- Case Report
- Open Access
Ochronosis of hip joint; a case report
© Siavashi et al; licensee BioMed Central Ltd. 2009
Received: 6 November 2009
Accepted: 16 December 2009
Published: 16 December 2009
Ochronosis is connective tissue manifestation of Alkaptonuria. Joint involvement specially hip and knee destruction is seen. The cartilage is pigmented and destroyed. It is interested for both pathologists and orthopedic surgeons.
A 54 years old woman with hip fracture after simple falling is candidate for surgery, but, after skin and subcutaneous incision over deep fascia there was dark blue pigmentation which continues toward hip joint. After biopsy of soft tissues and bone, in another operation, we replace hip joint.
In this case, besides of cartilage destruction of hip joint, there was a lythic lesion of neck of femur which causes pathologic fracture of hip joint. We planned Total hip replacement instead of bipolar for her because of cartilage damage of acetabulum.
Ochronosis is the connective tissue manifestation of alkaptonuria, a defect in the metabolism of homogentisic acid (HGA) caused by autosomal recessive mutations of the HGO gene on chromosome 3q .
Homogentisic acid oxidase is responsible for the turnover of homogentisic acid (HGA) during the course of phenylalanine and tyrosine catabolism . HGA accumulates and is polymerized into a blue-black pigment that ultimately is deposited in the skin, cartilage, and collagenous tissues. Specifically, pigment deposition can be seen in skin, bones, articular cartilages, synovial membranes, lungs, heart endocardium and valves, and kidneys . The accumulation eventually causes severe degeneration of the spine and peripheral joints which may clinically simulate common arthritic disorders . Alkaptonuria is a rare disease affecting one in 250,000-1 million people [5, 6].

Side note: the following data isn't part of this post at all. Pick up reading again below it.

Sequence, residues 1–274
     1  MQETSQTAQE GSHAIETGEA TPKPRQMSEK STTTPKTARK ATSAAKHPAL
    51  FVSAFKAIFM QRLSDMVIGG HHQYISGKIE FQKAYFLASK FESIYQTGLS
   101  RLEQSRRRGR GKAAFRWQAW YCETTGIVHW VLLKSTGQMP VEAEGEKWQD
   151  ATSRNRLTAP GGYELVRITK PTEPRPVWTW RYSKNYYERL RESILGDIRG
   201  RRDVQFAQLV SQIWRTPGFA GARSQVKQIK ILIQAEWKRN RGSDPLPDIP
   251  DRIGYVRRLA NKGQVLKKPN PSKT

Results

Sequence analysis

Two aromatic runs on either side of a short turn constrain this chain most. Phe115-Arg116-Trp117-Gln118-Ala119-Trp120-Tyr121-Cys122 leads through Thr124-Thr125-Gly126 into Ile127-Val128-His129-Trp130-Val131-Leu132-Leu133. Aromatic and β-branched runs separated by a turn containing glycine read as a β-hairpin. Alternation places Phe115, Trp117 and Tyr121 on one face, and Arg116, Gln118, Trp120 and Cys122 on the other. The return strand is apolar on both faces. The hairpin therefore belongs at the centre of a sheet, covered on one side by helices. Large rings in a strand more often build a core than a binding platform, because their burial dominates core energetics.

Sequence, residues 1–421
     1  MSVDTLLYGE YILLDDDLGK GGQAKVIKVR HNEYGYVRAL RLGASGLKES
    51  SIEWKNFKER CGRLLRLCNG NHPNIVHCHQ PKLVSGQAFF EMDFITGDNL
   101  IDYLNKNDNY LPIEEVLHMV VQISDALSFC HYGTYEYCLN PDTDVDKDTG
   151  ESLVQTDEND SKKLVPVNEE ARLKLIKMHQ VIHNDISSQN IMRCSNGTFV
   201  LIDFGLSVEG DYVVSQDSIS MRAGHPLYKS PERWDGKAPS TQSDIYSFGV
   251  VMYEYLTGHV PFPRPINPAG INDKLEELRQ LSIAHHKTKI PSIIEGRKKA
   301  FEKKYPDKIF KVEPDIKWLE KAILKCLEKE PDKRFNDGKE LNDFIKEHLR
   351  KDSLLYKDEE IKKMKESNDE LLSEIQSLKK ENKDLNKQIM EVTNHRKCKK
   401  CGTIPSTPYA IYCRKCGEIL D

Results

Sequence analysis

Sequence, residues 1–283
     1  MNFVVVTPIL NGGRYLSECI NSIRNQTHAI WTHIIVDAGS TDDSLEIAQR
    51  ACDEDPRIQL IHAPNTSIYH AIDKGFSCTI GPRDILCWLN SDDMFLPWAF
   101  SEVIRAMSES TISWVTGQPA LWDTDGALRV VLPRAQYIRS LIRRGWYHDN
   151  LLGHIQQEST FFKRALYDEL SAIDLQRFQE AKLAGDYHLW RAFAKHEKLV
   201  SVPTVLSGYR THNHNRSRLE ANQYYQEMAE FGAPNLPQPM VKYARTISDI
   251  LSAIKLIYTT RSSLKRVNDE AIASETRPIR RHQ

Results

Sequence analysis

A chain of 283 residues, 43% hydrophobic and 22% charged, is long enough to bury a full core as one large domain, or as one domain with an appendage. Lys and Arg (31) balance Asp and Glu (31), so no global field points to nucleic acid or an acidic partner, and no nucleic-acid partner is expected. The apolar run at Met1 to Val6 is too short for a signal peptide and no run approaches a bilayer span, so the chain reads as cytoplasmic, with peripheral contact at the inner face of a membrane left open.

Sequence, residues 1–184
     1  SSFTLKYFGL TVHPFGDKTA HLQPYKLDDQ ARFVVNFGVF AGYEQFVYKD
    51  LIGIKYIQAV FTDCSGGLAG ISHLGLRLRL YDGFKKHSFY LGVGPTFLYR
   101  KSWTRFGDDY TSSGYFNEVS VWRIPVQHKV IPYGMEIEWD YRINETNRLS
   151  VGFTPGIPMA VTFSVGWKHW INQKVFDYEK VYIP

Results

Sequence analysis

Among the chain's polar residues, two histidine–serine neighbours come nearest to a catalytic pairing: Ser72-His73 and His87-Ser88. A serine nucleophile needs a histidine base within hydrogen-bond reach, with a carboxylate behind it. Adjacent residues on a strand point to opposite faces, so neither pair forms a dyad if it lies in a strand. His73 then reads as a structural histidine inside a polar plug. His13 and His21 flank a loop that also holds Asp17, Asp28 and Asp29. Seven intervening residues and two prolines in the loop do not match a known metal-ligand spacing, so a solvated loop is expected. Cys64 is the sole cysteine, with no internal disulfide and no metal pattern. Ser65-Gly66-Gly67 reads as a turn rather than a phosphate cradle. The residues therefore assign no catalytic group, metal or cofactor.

The most common clinical feature of ochronosis is ochronotic arthritis. Other common presentations of ochronosis are:
Darkening of urine with exposure to air or reducing agents.
Renal and prostatic stones .
Ochronosis has a classic triad: 1) degenerative arthritis; 2) ochronotic pigmentation; and 3) urine that turns black upon alkalinization. Confirmatory tests for diagnosis are chromatographic, enzymatic, or spectrophotometric determinations of HGA.
Currently, symptomatic treatment of the complications of alkaptonuria is the only option . A symptomatic approach including treatment of pain, physiotherapy, chiropractic care, and education of the patient for a home exercise program is the treatment of choice.
Alleviation of pain and significant increases in activity has been achieved with total joint replacement of the hips, knees, elbows and shoulders. A successful treatment for tendon ruptures due to ochronosis is primary repair. High-dose vitamin C decreases urinary benzoquinone acetic acid, but has no effect on HGA excretion and, moreover, no credible studies have shown that treatment with vitamin C is clinically effective. Nitisinone, a potent inhibitor of 4-hydroxyphenylpyruvate dioxygenase, dramatically reduces production and urinary excretion of homogentisic acid; however, the effectiveness of Nitisinone in treating ochronosis remains unknown.
We took a sample of the black tissue for pathologic exam and also another sample of the base of greater trochanteric region, which had a lytic appearance in x-ray of hip. The result of pathologic exam of these samples had shown nothing but ochronosis. In another operation, after about 2 weeks, we replaced the fractured hip with cemented hip prosthesis.
Written informed consent was obtained from the patient for publication of this case report and accompanying images. A copy of the written consent is available for review by the Editor-in-Chief of this journal.
With a great thanks to the patient who let us publish her pictures as this paper.
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